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Anticancer Res. 2006 Mar-Apr;26(2A):1281-8.

Curcumin inhibits cell migration of human colon cancer colo 205 cells through the inhibition of nuclear factor kappa B /p65 and down-regulates cyclooxygenase-2 and matrix metalloproteinase-2 expressions.

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School of Chinese Medicine, China Medical University, Taichung City 404, Taiwan, ROC.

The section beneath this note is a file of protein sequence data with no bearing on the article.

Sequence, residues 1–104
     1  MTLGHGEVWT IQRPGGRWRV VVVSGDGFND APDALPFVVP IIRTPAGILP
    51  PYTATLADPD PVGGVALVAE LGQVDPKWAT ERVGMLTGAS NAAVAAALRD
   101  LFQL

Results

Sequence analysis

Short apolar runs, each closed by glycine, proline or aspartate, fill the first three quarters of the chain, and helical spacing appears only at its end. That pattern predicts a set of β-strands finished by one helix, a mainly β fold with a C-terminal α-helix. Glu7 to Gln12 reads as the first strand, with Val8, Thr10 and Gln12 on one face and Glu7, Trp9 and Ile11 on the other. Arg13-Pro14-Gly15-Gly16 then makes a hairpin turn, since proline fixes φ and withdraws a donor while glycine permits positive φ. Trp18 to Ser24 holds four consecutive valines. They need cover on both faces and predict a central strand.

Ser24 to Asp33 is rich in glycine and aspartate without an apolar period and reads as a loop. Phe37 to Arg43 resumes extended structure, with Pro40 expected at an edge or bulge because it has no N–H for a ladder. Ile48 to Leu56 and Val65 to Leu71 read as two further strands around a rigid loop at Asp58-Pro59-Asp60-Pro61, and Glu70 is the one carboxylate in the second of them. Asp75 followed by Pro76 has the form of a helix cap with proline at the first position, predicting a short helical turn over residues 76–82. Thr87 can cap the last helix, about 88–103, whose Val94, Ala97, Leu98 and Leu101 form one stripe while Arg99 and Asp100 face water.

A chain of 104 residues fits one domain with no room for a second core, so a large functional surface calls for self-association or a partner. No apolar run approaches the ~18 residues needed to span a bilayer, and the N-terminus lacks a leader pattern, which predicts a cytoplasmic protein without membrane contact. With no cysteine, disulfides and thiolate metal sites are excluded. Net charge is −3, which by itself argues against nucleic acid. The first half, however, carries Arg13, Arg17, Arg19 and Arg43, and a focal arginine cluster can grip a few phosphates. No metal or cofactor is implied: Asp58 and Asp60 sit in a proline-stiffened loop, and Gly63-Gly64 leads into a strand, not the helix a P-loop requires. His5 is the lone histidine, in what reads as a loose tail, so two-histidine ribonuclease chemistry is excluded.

Curcumin (diferuloylmethane) is a chemical derived from several Curcuma species (turmeric), possessing anti-inflammatory and antioxidant properties and which, thus, may be a potential anticancer drug. However, its mechanism of action is not fully understood. Our previous studies had shown that curcumin induced cytotoxicity, cell cycle arrest and apoptosis in human colon cancer colo 205 cells. In this study, curcumin affected the levels of NF-kappaB/ p65 in a time-dependent manner but did not affect NF-kappaB/ p50, based on Western blotting methods. In vitro experiments revealed that curcumin inhibited Cox-2 levels, but promoted those of Cox-1 in colo 205 cells. Curcumin also inhibited MMP-2 levels and promoted MMP-9 levels, but did not affect MMP-7 levels, based on Western blotting assays. These effects were also confirmed by cDNA microarray. Remarkably, curcumin not only exerted its effect on the protein levels of NF-kappaB, Cox-1 and -2, MMP-2 and -7, but also directly inhibited their mRNA levels. Curcumin was also found to significantly repress the in vitro invasion of colo 205 cells.

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